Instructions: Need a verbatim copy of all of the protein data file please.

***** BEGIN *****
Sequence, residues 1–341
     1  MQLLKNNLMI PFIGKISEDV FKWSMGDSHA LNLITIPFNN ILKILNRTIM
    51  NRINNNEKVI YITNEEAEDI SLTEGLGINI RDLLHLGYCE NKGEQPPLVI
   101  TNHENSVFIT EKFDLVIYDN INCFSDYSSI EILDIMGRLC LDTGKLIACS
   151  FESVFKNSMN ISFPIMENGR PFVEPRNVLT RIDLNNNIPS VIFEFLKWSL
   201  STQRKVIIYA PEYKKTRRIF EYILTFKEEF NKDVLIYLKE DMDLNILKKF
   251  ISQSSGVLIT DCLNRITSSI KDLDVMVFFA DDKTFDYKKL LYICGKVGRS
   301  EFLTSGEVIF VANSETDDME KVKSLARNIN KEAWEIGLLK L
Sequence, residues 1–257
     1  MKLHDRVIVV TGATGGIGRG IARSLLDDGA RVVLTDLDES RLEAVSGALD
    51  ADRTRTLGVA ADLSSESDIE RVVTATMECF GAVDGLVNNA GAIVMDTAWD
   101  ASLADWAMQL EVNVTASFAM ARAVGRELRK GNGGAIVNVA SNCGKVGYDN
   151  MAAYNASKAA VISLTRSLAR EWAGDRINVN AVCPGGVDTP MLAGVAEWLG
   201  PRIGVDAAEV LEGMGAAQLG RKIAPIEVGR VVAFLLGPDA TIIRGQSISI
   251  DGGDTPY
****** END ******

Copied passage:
Sequence, residues 1–341
     1  MQLLKNNLMI PFIGKISEDV FKWSMGDSHA LNLITIPFNN ILKILNRTIM
    51  NRINNNEKVI YITNEEAEDI SLTEGLGINI RDLLHLGYCE NKGEQPPLVI
   101  TNHENSVFIT EKFDLVIYDN INCFSDYSSI EILDIMGRLC LDTGKLIACS
   151  FESVFKNSMN ISFPIMENGR PFVEPRNVLT RIDLNNNIPS VIFEFLKWSL
   201  STQRKVIIYA PEYKKTRRIF EYILTFKEEF NKDVLIYLKE DMDLNILKKF
   251  ISQSSGVLIT DCLNRITSSI KDLDVMVFFA DDKTFDYKKL LYICGKVGRS
   301  EFLTSGEVIF VANSETDDME KVKSLARNIN KEAWEIGLLK L
Sequence, residues 1–257
     1  MKLHDRVIVV TGATGGIGRG IARSLLDDGA RVVLTDLDES RLEAVSGALD
    51  ADRTRTLGVA ADLSSESDIE RVVTATMECF GAVDGLVNNA GAIVMDTAWD
   101  ASLADWAMQL EVNVTASFAM ARAVGRELRK GNGGAIVNVA SNCGKVGYDN
   151  MAAYNASKAA VISLTRSLAR EWAGDRINVN AVCPGGVDTP MLAGVAEWLG
   201  PRIGVDAAEV LEGMGAAQLG RKIAPIEVGR VVAFLLGPDA TIIRGQSISI
   251  DGGDTPY